Not looking for educated guesses here-- it would seem obvious that some are influenced. What I'm interested in is actual research into what degree people are influenced and what percentage of them are.

Dec 2, 2008

The Great Twitter Ponzi Scheme

I’m constantly amazed at the number of articles written about how to gain more followers on Twitter. And the number of people who spend considerable portions of their day following this advice by trolling for extra followers and trying to boost their "numbers."

Because like the current real estate mess that hedged on the erroneous belief that an unlimited pool of buyers existed, the Twitter Ponzi scheme hinges on the equally erroneous belief that there is an unlimited pool of people looking for social media experts.

And of course nothing could be farther from the truth.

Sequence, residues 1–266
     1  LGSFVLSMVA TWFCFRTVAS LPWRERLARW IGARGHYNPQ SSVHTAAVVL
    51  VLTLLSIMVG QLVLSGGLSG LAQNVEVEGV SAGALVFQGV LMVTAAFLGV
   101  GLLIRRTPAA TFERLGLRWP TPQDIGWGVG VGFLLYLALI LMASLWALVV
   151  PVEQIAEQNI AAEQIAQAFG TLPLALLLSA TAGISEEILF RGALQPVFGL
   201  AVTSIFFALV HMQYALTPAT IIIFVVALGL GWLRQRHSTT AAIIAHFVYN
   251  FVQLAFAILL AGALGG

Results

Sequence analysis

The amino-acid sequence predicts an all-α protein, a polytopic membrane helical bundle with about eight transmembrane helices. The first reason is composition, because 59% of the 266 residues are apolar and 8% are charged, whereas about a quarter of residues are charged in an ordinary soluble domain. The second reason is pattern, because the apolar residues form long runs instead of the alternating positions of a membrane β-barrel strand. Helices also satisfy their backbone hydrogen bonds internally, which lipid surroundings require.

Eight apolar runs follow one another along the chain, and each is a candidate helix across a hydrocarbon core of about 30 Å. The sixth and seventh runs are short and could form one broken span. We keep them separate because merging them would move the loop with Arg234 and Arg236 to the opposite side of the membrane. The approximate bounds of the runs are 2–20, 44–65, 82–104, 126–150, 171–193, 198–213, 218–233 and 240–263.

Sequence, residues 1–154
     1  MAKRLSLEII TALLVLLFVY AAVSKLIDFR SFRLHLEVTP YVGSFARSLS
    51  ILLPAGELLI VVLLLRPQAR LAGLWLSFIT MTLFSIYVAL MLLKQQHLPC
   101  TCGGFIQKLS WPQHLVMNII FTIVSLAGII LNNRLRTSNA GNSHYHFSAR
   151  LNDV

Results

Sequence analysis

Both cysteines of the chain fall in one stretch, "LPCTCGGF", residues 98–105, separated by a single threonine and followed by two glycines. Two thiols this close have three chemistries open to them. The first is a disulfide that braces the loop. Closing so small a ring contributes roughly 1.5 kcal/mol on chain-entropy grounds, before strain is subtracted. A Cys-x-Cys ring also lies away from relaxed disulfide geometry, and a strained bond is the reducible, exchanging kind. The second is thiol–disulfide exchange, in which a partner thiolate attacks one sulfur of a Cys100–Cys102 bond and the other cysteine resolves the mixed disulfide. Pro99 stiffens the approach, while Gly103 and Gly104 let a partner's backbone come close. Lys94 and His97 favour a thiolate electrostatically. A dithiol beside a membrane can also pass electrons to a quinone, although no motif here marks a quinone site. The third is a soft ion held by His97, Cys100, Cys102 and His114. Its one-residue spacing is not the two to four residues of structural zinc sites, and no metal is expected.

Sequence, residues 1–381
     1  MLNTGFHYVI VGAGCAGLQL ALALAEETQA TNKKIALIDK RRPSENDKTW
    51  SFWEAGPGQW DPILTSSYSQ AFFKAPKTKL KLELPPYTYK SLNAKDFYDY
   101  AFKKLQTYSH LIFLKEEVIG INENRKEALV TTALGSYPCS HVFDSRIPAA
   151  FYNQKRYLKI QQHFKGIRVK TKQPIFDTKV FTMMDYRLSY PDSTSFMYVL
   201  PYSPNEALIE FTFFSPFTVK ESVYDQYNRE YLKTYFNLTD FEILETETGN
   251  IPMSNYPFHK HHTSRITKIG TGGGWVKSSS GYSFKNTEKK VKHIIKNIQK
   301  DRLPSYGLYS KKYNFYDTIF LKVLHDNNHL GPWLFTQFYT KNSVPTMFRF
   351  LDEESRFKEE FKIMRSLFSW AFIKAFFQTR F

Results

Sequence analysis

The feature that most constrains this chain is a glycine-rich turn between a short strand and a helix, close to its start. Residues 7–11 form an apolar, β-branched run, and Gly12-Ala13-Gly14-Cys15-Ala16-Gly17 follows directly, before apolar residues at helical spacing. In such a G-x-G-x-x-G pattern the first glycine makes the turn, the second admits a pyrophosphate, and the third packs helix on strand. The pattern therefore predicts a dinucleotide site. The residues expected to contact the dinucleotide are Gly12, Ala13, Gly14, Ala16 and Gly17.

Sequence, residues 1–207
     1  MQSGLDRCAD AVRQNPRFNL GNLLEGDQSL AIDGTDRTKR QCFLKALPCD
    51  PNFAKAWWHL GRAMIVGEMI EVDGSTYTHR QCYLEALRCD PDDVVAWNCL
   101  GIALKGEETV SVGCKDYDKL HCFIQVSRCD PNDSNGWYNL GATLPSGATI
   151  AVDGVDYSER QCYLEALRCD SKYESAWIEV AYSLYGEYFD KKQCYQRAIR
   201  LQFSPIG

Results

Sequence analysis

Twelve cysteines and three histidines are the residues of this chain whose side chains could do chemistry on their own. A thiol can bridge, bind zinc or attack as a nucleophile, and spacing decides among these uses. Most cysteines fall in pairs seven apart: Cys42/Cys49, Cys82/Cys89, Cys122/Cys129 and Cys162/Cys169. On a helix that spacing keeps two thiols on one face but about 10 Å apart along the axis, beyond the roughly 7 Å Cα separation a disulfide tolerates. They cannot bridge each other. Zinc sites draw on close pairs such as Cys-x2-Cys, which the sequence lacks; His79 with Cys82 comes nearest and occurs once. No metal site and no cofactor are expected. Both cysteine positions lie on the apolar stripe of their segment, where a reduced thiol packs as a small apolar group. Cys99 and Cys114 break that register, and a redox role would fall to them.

There’s an extremely limited pool of people who actually find this stuff interesting. Most of whom. I’d guess, are already on Twitter and so they wind up passing the same links and experts back and forth, like some cyber game of Hot Potato.

Now like any good Ponzi scheme, the Twitter one rewards the people who get in on the ground floor. So the Scobles and Kawasakis all have thousands of followers and followees and have built names for themselves based on the cleverness and/or usefulness of their tweets.

But their success doesn’t make it easier for the next round of wannabe Twitter gods: it makes it harder. Much harder. I mean there are only so many ways to say “Pownce is going out of business” in 140 characters or less. Let alone link to the half dozen articles about it.